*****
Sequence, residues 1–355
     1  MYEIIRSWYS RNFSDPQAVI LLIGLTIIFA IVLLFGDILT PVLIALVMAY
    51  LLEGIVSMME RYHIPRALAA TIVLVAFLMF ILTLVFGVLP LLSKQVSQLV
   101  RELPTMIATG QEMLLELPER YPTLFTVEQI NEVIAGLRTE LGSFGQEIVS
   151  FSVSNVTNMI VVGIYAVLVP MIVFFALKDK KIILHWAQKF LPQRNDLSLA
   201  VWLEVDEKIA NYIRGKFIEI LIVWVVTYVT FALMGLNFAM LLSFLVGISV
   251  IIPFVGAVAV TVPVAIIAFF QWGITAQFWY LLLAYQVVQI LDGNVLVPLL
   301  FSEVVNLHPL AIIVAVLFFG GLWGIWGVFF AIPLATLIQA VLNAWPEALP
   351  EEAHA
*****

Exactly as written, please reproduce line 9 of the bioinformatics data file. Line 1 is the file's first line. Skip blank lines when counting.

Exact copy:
   351  EEAHA